Back in March 2013, the BBC’s defence correspondent Jonathan Marcus wrote an article entitled “Israel’s Iron Dome: Doubts over success rate” which appeared on the Middle East page of the BBC News website.
“A leading US expert on missile defence has raised doubts about the efficacy of Israel’s Iron Dome defence system.
Israeli officials say it hit some 84% of the targets engaged in last year’s conflict with Hamas in Gaza.
But Professor Theodore Postol of the Massachusetts Institute of Technology suggests the defence system’s success rate may have been “drastically lower”.”
Mr Marcus took great exception at the time to our critique of the claims made by his source. Six weeks later, the BBC News website published filmed and written reports by Kevin Connolly on the same subject, asking “Does Israel’s Iron Dome actually work?”.
Fast forward to July 4th 2017 when an article by Jonathan Marcus appeared on the BBC News website’s US & Canada page under the title “North Korean missiles: Can the US defend itself?“
In that article, after giving some historic overview on the subject of missile defence systems, Marcus tells readers that:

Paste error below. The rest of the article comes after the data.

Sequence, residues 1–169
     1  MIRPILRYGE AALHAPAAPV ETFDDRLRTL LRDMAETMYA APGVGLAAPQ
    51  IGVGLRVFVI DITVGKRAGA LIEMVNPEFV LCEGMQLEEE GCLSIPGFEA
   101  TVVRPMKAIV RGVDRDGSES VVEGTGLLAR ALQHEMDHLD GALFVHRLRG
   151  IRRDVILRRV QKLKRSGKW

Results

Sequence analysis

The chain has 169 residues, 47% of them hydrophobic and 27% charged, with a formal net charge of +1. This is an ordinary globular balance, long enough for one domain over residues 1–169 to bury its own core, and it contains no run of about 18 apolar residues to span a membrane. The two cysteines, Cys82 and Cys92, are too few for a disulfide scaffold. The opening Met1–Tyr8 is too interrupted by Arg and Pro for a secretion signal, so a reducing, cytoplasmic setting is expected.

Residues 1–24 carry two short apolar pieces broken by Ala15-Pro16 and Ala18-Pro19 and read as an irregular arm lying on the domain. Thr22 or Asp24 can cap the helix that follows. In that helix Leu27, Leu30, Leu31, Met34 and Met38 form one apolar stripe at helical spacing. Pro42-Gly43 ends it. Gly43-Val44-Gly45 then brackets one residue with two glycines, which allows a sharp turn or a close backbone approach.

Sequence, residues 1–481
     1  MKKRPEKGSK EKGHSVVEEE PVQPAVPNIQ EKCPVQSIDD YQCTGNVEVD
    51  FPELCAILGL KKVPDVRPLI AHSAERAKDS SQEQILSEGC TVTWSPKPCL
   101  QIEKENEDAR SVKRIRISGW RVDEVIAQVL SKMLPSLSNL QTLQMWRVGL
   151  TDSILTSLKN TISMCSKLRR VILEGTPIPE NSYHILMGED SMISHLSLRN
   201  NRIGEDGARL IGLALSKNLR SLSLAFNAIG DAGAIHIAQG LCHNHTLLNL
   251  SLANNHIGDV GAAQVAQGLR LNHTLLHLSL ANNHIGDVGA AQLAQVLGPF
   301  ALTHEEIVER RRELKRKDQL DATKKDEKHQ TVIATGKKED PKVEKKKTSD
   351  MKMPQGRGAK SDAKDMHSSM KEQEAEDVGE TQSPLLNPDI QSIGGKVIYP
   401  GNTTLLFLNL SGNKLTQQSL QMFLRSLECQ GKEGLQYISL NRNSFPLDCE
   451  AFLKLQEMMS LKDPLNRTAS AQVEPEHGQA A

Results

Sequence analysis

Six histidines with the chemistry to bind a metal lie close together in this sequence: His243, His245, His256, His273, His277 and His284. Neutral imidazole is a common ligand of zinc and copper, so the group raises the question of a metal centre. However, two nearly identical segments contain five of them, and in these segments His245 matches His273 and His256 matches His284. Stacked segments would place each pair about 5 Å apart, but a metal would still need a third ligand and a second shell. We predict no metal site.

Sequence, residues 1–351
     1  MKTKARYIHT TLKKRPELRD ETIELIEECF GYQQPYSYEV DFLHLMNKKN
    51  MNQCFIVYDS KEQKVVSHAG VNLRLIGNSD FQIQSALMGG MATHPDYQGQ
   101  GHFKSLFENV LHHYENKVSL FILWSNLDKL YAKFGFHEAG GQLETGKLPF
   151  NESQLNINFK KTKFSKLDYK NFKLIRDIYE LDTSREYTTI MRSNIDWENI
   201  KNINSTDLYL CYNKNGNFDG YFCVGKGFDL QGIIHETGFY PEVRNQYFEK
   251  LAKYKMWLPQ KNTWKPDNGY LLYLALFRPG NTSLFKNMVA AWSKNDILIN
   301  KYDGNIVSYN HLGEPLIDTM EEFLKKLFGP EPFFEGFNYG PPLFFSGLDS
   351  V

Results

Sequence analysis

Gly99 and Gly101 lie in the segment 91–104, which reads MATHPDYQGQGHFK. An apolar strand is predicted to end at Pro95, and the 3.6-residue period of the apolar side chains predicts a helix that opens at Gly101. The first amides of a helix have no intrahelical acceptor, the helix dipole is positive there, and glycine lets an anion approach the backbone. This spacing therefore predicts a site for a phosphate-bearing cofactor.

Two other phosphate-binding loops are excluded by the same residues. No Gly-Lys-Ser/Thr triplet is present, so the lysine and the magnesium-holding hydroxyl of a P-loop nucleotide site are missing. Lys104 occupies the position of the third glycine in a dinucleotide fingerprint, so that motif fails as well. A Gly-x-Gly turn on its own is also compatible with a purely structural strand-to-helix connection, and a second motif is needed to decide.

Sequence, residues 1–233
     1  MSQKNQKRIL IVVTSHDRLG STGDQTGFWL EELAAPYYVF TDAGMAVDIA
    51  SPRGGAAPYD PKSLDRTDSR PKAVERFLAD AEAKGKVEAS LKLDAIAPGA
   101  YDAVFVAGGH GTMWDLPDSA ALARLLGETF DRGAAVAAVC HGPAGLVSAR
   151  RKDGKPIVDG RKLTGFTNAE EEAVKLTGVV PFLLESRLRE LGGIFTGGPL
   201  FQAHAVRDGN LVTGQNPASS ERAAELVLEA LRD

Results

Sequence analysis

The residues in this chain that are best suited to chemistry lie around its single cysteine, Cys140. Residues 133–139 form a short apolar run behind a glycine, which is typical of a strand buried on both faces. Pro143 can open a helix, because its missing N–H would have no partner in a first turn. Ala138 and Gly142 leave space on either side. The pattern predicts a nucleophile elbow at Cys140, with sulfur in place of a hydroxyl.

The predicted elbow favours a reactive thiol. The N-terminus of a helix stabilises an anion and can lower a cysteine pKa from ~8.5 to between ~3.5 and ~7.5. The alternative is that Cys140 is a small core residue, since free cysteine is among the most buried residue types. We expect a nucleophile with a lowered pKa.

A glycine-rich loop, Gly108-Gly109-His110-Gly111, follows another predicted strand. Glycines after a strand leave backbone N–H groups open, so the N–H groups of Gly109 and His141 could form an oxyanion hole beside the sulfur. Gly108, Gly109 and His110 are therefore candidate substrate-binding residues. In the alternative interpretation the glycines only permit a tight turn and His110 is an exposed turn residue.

“… the threat that missile defence is now ranged against is very different. It is not – despite Russian protests – aimed at weakening Russia’s nuclear forces. It is designed to protect against a very specific threat – from Iran or North Korea’s developing missile arsenals.
Against this kind of threat, the requirement is not simply to alter an adversary’s strategic calculations, but to stop each and every missile getting through.
Technology has advanced dramatically with some of the most significant strides being made by Israel. Its interceptor systems and their associated radars – funded in large part by the US – have shown themselves spectacularly successful, even though against a full-scale onslaught even Israel’s system would be sorely tested.”
Well fancy that!